Businesses across Britain are short of workers across scores of sectors and at all skill levels, putting pressure on bosses to hike salaries, recruiters are warning.
Companies are reluctant to raise pay when productivity has been stagnant but have found themselves with no choice as staff, from minimum wage entrants through the professions and all the way to leadership positions, are so scarce, reports The Telegraph.
“I have been doing this job for 10 years and I have never seen data like this,” said Kevin Green, chief executive of the Recruitment and Employment Confederation.
“We have lists where recruiters cite the jobs they are currently finding it hard to fill, in permanent jobs there used to be six or seven areas. Now there are 50 or 60. It goes on and on and on.
“It is comprehensive, you would have to say the skill and talent shortages are pervasive across the economy at the moment.”
Unemployment is down to a 42-year low of 4.3 per cent, making it hard to find workers in most regions of the UK.
Mr Green expects employers to continue to raise their salary offers to get more workers – and it may also force them to raise wages for existing employees to stop them leaving for higher offers elsewhere.
The REC found 21pc of recruiters reporting a rise in salaries awarded to new permanent staff in December compared with November.
By contrast only 4 per cent said starting salaries were down.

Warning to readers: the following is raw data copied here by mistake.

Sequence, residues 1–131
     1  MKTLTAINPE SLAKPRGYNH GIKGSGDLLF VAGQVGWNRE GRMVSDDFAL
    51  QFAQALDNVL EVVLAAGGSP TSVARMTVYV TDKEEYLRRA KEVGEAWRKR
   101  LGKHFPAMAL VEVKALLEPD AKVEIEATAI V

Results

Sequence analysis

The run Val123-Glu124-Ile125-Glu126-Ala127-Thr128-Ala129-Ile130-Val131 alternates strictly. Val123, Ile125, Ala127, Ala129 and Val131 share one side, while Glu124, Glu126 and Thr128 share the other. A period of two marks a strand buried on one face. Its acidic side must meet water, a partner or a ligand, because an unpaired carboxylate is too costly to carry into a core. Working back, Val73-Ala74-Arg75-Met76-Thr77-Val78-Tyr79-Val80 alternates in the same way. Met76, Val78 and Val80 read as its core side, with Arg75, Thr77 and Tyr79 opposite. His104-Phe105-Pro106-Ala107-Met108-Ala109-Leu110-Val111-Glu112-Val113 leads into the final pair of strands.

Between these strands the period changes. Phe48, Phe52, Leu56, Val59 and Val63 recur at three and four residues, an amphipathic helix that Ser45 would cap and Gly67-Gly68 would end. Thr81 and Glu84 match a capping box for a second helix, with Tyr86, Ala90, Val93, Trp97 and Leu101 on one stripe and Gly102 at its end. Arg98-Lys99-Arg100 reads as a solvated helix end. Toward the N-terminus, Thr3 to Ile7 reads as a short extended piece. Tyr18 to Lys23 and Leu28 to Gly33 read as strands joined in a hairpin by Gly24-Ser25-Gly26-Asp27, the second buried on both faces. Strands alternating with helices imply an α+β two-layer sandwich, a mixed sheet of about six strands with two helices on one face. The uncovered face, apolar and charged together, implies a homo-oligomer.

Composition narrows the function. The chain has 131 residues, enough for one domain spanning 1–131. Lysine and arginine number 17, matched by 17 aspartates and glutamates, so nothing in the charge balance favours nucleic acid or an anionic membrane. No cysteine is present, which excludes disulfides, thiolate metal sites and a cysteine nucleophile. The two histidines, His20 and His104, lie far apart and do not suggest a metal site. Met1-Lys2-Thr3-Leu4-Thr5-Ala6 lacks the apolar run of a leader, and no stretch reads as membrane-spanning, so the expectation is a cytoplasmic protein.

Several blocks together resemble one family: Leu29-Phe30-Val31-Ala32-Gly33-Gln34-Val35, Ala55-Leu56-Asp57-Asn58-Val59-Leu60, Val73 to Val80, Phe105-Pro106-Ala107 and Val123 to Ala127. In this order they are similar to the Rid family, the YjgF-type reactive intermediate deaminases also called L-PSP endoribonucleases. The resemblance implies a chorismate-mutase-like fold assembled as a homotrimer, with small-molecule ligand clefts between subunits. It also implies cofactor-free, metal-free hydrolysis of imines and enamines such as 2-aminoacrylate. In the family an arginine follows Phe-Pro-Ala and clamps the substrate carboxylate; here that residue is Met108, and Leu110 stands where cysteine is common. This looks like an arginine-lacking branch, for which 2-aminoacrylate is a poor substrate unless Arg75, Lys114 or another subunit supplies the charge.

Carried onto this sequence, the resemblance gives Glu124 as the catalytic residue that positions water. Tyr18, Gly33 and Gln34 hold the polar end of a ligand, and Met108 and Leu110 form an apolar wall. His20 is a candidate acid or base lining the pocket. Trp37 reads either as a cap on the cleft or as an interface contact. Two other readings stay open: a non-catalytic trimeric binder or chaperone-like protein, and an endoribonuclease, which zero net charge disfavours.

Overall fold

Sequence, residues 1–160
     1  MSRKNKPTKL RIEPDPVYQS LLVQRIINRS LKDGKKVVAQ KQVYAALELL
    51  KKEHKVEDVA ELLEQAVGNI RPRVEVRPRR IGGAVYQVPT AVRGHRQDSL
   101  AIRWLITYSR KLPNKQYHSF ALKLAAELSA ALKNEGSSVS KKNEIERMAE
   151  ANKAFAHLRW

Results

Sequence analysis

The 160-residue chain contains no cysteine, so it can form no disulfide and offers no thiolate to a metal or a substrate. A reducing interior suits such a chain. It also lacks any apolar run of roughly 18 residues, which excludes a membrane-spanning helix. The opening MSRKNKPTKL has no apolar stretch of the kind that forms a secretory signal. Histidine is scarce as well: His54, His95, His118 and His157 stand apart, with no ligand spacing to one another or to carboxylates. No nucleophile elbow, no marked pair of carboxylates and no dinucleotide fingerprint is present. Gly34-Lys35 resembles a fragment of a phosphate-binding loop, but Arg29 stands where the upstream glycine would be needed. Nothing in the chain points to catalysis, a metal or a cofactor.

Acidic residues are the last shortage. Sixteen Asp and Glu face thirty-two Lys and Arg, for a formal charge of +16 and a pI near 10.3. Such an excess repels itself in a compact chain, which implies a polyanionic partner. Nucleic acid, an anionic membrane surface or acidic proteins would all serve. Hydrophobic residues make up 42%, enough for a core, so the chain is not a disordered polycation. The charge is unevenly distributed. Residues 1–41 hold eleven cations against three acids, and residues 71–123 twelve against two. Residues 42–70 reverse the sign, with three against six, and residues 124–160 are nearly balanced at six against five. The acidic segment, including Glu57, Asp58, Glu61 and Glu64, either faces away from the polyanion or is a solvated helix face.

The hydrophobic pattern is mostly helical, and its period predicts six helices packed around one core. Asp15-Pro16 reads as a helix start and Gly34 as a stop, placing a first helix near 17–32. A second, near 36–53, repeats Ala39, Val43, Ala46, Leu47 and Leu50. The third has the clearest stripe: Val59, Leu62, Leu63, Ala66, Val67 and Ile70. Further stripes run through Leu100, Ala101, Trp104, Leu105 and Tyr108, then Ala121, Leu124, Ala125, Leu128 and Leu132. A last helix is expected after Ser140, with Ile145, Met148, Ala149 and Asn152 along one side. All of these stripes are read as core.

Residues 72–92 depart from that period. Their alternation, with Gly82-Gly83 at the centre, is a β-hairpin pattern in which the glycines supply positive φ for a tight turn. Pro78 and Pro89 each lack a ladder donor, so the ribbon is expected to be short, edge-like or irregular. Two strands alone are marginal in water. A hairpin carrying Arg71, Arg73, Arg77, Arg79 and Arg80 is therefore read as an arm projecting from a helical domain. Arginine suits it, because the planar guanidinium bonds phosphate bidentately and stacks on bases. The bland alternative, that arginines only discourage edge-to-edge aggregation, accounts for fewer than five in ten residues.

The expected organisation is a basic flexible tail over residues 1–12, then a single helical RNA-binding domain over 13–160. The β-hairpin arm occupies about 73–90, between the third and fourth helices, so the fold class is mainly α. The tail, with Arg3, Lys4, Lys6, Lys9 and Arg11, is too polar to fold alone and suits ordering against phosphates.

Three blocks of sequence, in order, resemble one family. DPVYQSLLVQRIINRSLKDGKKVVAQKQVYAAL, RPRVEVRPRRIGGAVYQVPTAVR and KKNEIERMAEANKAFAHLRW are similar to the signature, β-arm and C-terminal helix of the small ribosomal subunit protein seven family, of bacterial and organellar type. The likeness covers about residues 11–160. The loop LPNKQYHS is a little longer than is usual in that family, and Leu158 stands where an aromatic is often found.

This face of growth is down a touch on the month, but represents an unusually high level for December as the end of the year is typically a more quiet period in the jobs market – so the level of pay rises may be more significant.
Recruiters reported sustained growth in vacancies combined with one of the biggest falls in candidate availability for two years, indicating the low level of unemployment has made it hard for employers to recruit staff.
At the same time workers, in the UK and across the world, could soon become emboldened to demand more pay, according to economists at JP Morgan, as the global economy picks up pace.
Wages have struggled to grow even as unemployment rates fell after the financial crisis, but the economists, led by Bruce Kasman, think the gloom cast by the credit crunch could soon lift.
“Global financial crisis [induced] post-traumatic stress generated persistent cautious household and business spending behavior, manifested in a greater focus on household job security and on corporate maintenance of market shares,” the economists said.
The eurozone debt crisis and a tightening in emerging market credit also hit hard.
“If we are right that the lifting of the global financial crisis’s shadow is promoting a strong, synchronised global expansion it should have important repercussions for price- and wage-setting behavior and thus the inflation outlook,” the analysts said.
JP Morgan has raised its global GDP growth forecast by 0.3 percentage points in the past month.
JP Morgan’s “nowcast”, which seeks to track the economy in as close to real time as possible, indicates the UK economy grew at an annualised rate of 2 per cent in the final quarter of 2017, outstripping the forecast for 1.2 per cent growth.
Economists had expected wage growth to take off once unemployment got to these low levels, but have been disappointed so far – average wages are currently failing to keep pace with prices, squeezing living standards.
It is a challenge across many of the advanced economies.
Economist Seth Carpenter at UBS studied the unemployment and pay growth rates across 400 metropolitan statistical areas and found “no discernible relationship” between the two.
“While we do think that a tight labor market eventually will push up wage growth, we don’t think there is a tight relationship,” he said.
A Bank of America Merrill Lynch survey of UK consumers also found workers expect weaker pay growth in 2018 than in 2017, which may have repercussions when employees come to wage negotiations with their bosses.